Winter weather advisory through Friday morning

WASHINGTON COUNTY – The National Weather Service out of Salt Lake City has issued a winter weather advisory for parts of central and Southern Utah effective 2 a.m. Thursday through 5 a.m. Friday.

Snowfall will start early Thursday morning and become widespread across the Wasatch plateau southward to the southern mountains, continuing throughout the day.

The snow will taper off early Friday morning.

Affected areas

The Wasatch plateau southward across the central and southern mountains includes the communities of Scofield, Cove Fort, Koosharem, Fish Lake, Loa, Panguitch and Bryce Canyon.

Snow levels and accumulation

New snowfall of 4 to 12 inches is expected, with totals towards the higher end of the range occurring across the southern mountains.

Impacts

Snowplow on SR-18, Washington County, Utah, Dec. 7, 2013 | Photo by John Teas, St. George News
Snowplow on SR-18, Washington County, Utah, Dec. 7, 2013 | Photo by John Teas, St. George News

Winter driving conditions will develop on all mountain routes including US Highway 6 over Soldier Summit, Interstate 70 between Cove Fort and Fremont Junction, and the higher passes along Interstate 15 south of Fillmore.

Precautionary/Preparedness actions 

A winter weather advisory for snow means that snow accumulations will make travel difficult. Be prepared for snow covered roads and use caution while driving in the snow.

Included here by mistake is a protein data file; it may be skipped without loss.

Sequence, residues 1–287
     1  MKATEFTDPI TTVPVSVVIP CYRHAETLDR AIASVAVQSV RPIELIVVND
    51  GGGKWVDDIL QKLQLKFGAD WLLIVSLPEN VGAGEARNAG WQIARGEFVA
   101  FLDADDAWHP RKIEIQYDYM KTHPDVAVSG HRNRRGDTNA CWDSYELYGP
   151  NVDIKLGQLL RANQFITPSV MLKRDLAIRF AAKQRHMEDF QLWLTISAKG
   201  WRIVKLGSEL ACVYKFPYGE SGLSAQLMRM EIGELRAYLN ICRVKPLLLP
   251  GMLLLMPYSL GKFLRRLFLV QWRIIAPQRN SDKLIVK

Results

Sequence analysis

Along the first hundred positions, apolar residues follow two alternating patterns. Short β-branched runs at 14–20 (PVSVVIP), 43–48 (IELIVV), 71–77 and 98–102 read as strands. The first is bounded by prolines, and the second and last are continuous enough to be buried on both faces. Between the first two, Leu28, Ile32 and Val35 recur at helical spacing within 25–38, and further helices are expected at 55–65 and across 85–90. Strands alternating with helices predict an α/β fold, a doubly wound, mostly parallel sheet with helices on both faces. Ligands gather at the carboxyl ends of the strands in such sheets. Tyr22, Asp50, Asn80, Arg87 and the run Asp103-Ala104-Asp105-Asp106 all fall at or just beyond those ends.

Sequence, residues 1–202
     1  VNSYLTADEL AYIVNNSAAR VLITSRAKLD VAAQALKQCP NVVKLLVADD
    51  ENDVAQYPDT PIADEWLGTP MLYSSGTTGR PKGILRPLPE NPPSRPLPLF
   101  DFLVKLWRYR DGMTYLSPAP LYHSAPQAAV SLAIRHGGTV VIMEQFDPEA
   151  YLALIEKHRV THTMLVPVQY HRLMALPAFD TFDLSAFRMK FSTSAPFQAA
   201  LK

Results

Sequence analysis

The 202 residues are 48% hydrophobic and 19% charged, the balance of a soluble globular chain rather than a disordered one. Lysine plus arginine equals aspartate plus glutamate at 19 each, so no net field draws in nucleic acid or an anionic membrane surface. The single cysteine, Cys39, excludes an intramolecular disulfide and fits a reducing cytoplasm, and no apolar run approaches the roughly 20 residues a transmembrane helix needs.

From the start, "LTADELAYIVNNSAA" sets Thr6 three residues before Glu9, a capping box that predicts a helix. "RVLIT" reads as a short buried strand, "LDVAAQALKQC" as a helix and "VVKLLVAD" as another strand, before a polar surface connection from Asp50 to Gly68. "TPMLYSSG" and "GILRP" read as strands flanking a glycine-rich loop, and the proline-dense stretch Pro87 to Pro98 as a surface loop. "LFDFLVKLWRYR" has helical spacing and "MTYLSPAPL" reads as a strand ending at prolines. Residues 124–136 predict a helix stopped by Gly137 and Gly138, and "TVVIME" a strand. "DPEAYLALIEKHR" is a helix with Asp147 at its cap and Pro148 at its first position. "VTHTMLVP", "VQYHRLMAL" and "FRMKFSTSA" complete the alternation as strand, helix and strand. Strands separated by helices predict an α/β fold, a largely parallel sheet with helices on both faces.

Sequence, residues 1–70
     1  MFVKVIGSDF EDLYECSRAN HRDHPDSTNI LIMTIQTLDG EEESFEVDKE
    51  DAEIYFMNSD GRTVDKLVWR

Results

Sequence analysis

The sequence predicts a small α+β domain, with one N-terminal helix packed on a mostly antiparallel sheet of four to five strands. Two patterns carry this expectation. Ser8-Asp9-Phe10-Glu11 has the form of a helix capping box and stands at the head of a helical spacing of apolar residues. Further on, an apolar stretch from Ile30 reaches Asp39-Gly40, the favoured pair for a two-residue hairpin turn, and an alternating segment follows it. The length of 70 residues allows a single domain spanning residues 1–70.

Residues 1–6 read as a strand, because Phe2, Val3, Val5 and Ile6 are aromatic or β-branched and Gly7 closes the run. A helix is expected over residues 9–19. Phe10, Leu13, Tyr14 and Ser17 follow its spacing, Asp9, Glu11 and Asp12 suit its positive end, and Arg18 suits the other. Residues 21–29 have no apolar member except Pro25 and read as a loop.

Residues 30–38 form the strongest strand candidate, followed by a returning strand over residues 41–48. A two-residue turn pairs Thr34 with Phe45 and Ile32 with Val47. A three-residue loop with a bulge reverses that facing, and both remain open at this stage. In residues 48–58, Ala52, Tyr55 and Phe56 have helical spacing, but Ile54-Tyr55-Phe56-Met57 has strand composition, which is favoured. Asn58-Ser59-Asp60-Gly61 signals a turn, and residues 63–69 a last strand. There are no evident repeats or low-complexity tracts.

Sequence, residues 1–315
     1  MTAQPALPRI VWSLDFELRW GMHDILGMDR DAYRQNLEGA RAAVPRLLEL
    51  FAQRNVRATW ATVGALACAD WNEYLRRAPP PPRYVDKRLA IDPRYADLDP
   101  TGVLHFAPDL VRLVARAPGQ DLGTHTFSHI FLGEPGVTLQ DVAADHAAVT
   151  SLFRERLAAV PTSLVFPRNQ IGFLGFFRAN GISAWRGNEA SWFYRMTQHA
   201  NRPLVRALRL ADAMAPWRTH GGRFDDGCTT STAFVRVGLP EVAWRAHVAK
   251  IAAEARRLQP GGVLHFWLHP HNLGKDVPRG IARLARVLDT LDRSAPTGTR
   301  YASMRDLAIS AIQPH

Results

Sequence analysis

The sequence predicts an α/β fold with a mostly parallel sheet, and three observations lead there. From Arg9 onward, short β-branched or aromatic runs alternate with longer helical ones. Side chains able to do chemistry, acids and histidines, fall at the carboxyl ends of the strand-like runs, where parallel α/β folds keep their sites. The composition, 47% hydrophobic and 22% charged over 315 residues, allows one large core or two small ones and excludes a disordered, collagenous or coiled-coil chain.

Getting ready

  • Be aware of road conditions. UDOT recommends checking CommuterLink for road and weather conditions before leaving home.
  • Clear any frost and snow from the car’s lights and windows. Make an effort to see and be seen while driving.
  • Inspect the vehicle’s tires, fluids, wiper blades, lights and hoses. Preventative maintenance may save a car from breaking down and stranding drivers and passengers on the highway.
  • Allow for leeway in travel time. Expect to drive slowly in adverse weather conditions. High speeds can lead to skidding off the road and getting stuck in the snow.
  • Have emergency supplies in the car. A basic winter emergency kit may include items like a flashlight, batteries, snacks, water, gloves, boots and a first-aid kit.

When Driving

  • Take it slow. Drive well below posted speed limits and leave plenty of space between cars.
  • Approach intersections, off-ramps, bridges and shaded areas slowly. These areas are hot spots for black ice.
  • Slow down in cases of limited visibility and be alert.
  • Whether someone drives an elevated SUV or a ground-kissing Toyota Prius, again, UDOT says to take it slow. Just because a truck has 4-wheel drive doesn’t change how it handles on the road, especially when traction goes out the window. Mother Nature is no respecter of automotive diversity.
  • Keep the vehicle’s speed down. The faster the car goes, the longer it takes to stop. Be slow on the accelerator or risk having the car skid when the next stop sign appears.
  • Do not use the car’s cruise control while ice and snow still abound.

Additional information on winter driving can be found at the UDOT website, as well as UDOT’s Commuterlink for current road and weather conditions, or dial 511.

Weather watches, warnings and advisories issued by the National Weather Service Forecast Office in Salt Lake City can be found here.

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Twitter: @STGnews

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